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  • Cybernetic Modernism and the Feedback Loop:Ezra Pound’s Poetics of Transmission

I am at best trying to provide the average reader with a few tools for dealing with the heteroclite mass of undigested information hurled at him daily and monthly.

Ezra Pound

Fed up with the crowded and cacophonous world of early twentieth-century media culture, Ezra Pound makes this grouchy declaration in the early pages of his 1938 Guide to Kulchur.1 As he sees it, the world is becoming ever more saturated with disorganized information, and readers of all persuasions are in desperate need of tools to help them negotiate their social reality. These sentiments underscore Pound’s commitment, in both his critical writing and his poetry, to developing communication strategies capable of sifting through and making sense of modernity’s “heteroclite mass of undigested information.” In the pages to come, I trace how this ambition permeates the infamous Radio Rome broadcasts and finds powerful creative expression in the poetics of the Chinese History Cantos. Most crucially, though, I cast this valence, which is not only an aspect of Pound’s writing but also literary modernism more broadly, as an aesthetic counterpart to the technological and scientific discourse of World War II cybernetics.

Cybernetics was the brainchild of Norbert Wiener, an MIT mathematician who maintained such a highly fraught influence on the field of twentieth-century communication technology that recent biographers have hailed him as the “dark hero of the information age.”2 Wiener coined “cybernetics” by adapting the [End Page 89] Greek term “kubernētēs”—meaning “steersman” or “governor.”3 He initially described the technology-based discipline as the science of “control and communication in the animal and the machine.”4 As more recent definitions appearing on the American Society for Cybernetics (ASC) website helpfully clarify, cybernetics “was adopted in the 1940s at MIT to refer to a way of thinking about how complex systems coordinate themselves in action.” It “was originally formulated as a way of producing mathematical descriptions of systems and machines,” and it comprises “the study of systems which can be mapped using loops (or more complicated looping structures) in the network defining the flow of information.”5 I contend that Wiener’s theories have important implications for the work of modernist scholarship: his concepts of cybernetic feedback loops and mechanical learning enable a new understanding of modernists’ intense preoccupation with information culture. Wiener, I show, helps us read modernism’s experimental communication structures and understand how authors situate meaning at the intersection of evolving linguistic pattern and readerly response. Cybernetic theories enable us to see how these artistic strategies attune audiences to particular ways of reading—cybernetic ways of reading—that are essential for negotiating the data-saturated spaces of modernity.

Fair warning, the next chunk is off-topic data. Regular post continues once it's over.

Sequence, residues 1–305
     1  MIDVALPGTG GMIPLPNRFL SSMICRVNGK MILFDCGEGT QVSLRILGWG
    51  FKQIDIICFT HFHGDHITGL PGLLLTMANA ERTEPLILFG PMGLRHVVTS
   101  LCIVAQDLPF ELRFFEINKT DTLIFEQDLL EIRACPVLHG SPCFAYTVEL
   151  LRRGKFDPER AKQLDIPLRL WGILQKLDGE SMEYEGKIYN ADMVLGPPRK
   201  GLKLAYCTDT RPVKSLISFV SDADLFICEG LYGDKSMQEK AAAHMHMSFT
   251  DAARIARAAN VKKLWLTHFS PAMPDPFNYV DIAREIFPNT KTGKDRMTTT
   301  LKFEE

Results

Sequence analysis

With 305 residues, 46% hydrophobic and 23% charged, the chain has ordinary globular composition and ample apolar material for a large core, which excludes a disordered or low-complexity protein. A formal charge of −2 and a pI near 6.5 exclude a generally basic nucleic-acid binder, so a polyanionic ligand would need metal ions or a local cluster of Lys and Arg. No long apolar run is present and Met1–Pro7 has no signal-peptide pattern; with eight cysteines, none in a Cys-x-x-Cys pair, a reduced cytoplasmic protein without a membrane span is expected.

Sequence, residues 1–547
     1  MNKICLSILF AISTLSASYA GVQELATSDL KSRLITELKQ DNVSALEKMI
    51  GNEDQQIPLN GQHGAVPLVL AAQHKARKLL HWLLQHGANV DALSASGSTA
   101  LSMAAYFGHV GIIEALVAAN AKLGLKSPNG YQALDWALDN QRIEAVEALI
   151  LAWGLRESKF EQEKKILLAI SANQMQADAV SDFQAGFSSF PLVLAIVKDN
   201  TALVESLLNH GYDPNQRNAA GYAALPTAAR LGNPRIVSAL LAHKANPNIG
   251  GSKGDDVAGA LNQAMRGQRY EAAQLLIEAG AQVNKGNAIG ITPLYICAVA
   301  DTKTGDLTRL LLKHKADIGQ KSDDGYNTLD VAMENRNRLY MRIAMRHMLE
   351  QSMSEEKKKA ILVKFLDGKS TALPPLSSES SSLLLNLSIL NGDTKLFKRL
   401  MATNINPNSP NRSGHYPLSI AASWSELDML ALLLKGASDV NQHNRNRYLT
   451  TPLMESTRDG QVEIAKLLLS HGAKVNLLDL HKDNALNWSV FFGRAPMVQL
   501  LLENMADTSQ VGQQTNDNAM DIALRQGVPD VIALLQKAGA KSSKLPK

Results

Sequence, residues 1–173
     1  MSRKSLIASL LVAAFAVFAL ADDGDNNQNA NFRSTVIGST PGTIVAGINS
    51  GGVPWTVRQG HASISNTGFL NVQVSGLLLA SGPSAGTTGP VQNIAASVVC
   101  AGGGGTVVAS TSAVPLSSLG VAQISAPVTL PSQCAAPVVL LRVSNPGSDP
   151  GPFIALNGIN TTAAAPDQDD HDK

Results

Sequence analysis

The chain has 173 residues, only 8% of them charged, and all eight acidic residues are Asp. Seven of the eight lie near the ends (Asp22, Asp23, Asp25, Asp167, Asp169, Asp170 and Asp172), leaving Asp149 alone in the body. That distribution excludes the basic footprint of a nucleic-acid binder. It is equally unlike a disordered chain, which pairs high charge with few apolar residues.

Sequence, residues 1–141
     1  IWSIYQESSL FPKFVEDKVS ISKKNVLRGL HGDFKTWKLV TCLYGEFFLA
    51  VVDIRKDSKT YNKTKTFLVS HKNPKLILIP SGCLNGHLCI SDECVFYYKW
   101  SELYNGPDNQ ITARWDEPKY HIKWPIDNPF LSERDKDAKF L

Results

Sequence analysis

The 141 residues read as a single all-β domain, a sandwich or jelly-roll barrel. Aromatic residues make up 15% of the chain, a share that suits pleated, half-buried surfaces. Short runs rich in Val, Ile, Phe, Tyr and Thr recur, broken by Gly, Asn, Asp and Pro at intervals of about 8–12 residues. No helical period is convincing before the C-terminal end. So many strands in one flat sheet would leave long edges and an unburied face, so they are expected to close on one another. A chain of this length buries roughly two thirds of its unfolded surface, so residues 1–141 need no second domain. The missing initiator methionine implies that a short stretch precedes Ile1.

This interpretive context repositions the cultural significance of specific texts like Pound’s Cantos, which emerge as fundamentally linked to and in sync with the technological discourses of the twentieth century’s complex communication networks. At the same time, and perhaps more importantly, my reading also casts modernist literature as an essential yet underexplored component in the lineage of cybernetic thought. From this perspective, the general trends of modernism’s literary aesthetics as well as Pound’s unique experiments with poetic form can fundamentally reorient our understanding of Wiener’s theories. Rather than standing as the original, founding articulation of cybernetic thought, his work finds its place within a much broader cultural network of feedback loops, one that integrates not only statistical and technological but also aesthetic transmissions.

Cybernetics: A Comparative Critical Context

Robert Crawford’s The Modern Poet, in its chapter on “Modernist Cybernetics and the Poetry of Knowledge,” anticipates my use of cybernetics as an interpretive framework for modernist literature. Crawford’s discussion of the connections that bind modernist poetry to academia gives works by T. S. Eliot, W. H. Auden, and Hugh Mac-Diarmid the most prominent treatment, but posits that the Cantos “mark the growth of that modernist poetry so involved with the government of knowledge that it can be called cybernetic.”6 His comment notwithstanding, cybernetics constitutes rather an anomalous point of departure for modernist (and, more specifically, Poundian) poetic analysis...


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pp. 89-111
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